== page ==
In this month’s blog, I’d like to share some of the most important equipment onboard Jibsea that we find most useful while living and cruising full time on our monohull sailboat.
We’re not going to talk about equipment such instruments that read wind, depth or speed etc., nor the usual household items on a sailboat like a fridge or freezer. I’ll be sharing the components that we personally feel are the most valuable while being constantly on the move and living off the grid.
Ours is from Seawater Pro. Without being able to turn salt water into drinkable fresh water, we’d be hunting down where to fill our water tank every 4-9 days which would make some of our destinations impossible to reach. We’d literally be cruising based on routing where we can next refill our water tank, which isn’t the way we prefer to explore! There are many cruisers out there that don’t have a watermaker and can make their water supply last as long as long as needed, but here on Jibsea we have a small tank. We also choose to live life on anchor 99% of the time, so we very rarely enter marinas where one could fill up on water. Rinsing the boat down after a salty sail, rinsing our bodies off after dive off the transom, doing laundry, dishes and take nightly showers are all day to day tasks that eat up quite a bit of water and very quickly. Our Seawater Pro Watermaker is invaluable.
Our next essential item. You can never have too much, however it is important to ensure that the house battery bank is also large enough for the energy one intends on using, so they do go hand in hand. Solar is the absolute best way to keep our batteries topped up and keep us out there in remote locations for longer. Once the system installation is complete, the power is free! It keeps us from wasting excess money on fossil fuels running a generator or the motor. The trick is to create a system the best suites your needs. For example our 640 watt system works great for us in the sunny Caribbean but once we crossed the Atlantic and headed north, our set up was no longer ideal with the lack of sunshine throughout the day. We knew that being in this climate was only temporary and we’d be heading to sunnier destinations soon enough.
Something that I couldn’t imagine sailing long distances without it. Since it’s only Steph and I, our autopilot is truly like an additional crew member that doesn’t require a break nor to be fed…other than electricity that is. From what I can recall, I have only had hand steer for about five hours while crossing the entire North Atlantic. If you don’t have an autopilot onboard, you’re really a champion!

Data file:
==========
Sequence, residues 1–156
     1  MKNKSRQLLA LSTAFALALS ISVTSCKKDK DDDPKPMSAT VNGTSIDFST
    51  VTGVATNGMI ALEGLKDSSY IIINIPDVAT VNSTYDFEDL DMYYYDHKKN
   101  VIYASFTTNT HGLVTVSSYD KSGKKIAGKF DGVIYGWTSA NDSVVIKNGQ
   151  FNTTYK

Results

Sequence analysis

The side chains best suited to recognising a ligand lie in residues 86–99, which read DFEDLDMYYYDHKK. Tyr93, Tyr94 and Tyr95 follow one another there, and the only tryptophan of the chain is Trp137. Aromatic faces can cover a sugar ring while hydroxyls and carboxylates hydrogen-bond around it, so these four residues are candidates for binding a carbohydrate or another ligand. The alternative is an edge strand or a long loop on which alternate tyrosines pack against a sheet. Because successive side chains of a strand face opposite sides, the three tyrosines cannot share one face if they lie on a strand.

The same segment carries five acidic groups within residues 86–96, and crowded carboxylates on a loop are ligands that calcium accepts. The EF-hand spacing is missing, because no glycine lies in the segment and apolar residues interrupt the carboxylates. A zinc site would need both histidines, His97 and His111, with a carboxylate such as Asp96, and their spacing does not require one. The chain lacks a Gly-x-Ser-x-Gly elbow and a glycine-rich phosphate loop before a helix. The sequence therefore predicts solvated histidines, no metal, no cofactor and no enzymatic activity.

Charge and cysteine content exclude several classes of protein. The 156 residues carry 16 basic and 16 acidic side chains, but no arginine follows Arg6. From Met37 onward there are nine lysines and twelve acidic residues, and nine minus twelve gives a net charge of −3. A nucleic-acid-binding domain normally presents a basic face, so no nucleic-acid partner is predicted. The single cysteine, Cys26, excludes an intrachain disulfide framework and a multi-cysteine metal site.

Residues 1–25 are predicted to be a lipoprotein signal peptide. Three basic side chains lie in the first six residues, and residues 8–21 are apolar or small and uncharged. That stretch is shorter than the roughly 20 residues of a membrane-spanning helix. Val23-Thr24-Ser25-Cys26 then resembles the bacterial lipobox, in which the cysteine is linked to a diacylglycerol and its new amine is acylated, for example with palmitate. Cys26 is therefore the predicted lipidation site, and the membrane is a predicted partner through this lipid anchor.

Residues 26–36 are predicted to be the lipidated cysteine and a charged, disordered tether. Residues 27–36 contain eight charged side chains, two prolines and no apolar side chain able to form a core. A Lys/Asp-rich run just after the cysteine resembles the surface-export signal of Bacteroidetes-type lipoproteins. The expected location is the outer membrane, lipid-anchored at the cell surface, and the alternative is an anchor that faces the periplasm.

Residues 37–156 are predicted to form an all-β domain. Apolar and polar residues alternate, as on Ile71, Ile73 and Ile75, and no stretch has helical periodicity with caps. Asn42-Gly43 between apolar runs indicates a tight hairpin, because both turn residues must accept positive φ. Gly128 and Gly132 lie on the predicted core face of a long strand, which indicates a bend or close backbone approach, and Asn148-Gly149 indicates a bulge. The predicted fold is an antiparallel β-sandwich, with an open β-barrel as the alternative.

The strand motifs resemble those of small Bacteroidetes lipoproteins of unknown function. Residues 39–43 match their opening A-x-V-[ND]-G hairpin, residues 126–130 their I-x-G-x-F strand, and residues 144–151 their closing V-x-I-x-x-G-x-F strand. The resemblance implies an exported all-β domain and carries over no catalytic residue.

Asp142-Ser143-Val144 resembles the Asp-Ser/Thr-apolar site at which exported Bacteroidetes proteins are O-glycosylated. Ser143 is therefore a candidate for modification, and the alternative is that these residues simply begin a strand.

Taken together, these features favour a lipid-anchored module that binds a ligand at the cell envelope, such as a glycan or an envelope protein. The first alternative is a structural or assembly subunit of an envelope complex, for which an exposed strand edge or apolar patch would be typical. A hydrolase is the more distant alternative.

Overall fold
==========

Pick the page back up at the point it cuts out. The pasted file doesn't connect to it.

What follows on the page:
I thought when we first had our full enclosure installed, that I’d be taking it down to enjoy the sunshine at every opportunity. However, it’s been the complete opposite. Sitting in the cockpit for at times the entire day, we definitely prefer to be as protected as possible. On a smoking hot day, shade is our best friend. In miserable weather and sailing conditions, it allows us to remain dry and comfortable on our voyage, which keeps the morale up in more challenging times.
This should seem like an obvious one but I mean, a good one, even oversized if possible. When our lives literally hang on by a couple links and a hunk of metal laying on the sea floor day in and day out, we want some peace of mind that we can sleep throughout the night in all conditions. We’ve been in perfectly calm anchorages with no bad weather in sight, when suddenly are awoken by in excess of 50 knot winds and massive seas funnelling into the bay, turning us onto a lee shore. Having trust in our anchor is peace of mind.
DINGHY & MOTOR:
The is our main means of transportation when hopping off Jibsea and it is essentially ‘the car’. Its main purpose is to get us from Jibsea to shore safely. We also use our dinghy and outboard motor while when we go on long distance excursions on the water and it has even served as an auxiliary motor to the mothership when needed! (See episode Number 81 on our YouTube channel to see exactly what we mean)
This makes our list because as full time cruisers, our home and many belongings travel with us, It’s nice to heel less and sail more efficiently when the wind pipes up and with where we’ve been sailing, it does quite a bit!
This just makes the cut as I find it to be more annoying than it’s worth while at anchor. It really came into its own for our Atlantic crossing and I couldn’t imagine not having it. It always points into the wind when sailing (meaning it doesn’t spin out like it does while we are at anchor) yielding consistent generation of power. On average, the power the wind generated enough power to offset the power consumption of our electronics that were in use 24/7. This helped immensely while sailing from west to east especially, as our sails would shade the sun from receiving solar energy for half of each day.
AIS, Automatic Identification System.
Not a must if sailing the east coast of the USA or the Caribbean in my opinion, since t is possible to sail for shorter periods of time and make smaller hops on most occasions. However, it makes the list when crossing an Ocean. It acts like another set of eyes in the blue oblivion or the darkest of nights ensuring that we are visible to large commercial ships and other vessels in the vicinity.
There are endless cool gadgets and equipment that one can purchase for a yacht but these are our basic must haves for full time cruising. I’m sure the longer we are out here, the longer this list will grow, but for now, we’re quite happy with what we have for off grid living and sustaining ourselves out here on the big blue!
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